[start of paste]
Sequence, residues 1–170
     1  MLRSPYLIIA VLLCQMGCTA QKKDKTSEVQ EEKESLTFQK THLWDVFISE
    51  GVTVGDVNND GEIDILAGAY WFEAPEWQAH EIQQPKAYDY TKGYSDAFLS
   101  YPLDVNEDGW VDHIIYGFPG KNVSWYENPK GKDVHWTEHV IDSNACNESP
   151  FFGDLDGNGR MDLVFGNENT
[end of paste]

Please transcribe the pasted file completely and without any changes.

Sequence, residues 1–170
     1  MLRSPYLIIA VLLCQMGCTA QKKDKTSEVQ EEKESLTFQK THLWDVFISE
    51  GVTVGDVNND GEIDILAGAY WFEAPEWQAH EIQQPKAYDY TKGYSDAFLS
   101  YPLDVNEDGW VDHIIYGFPG KNVSWYENPK GKDVHWTEHV IDSNACNESP
   151  FFGDLDGNGR MDLVFGNENT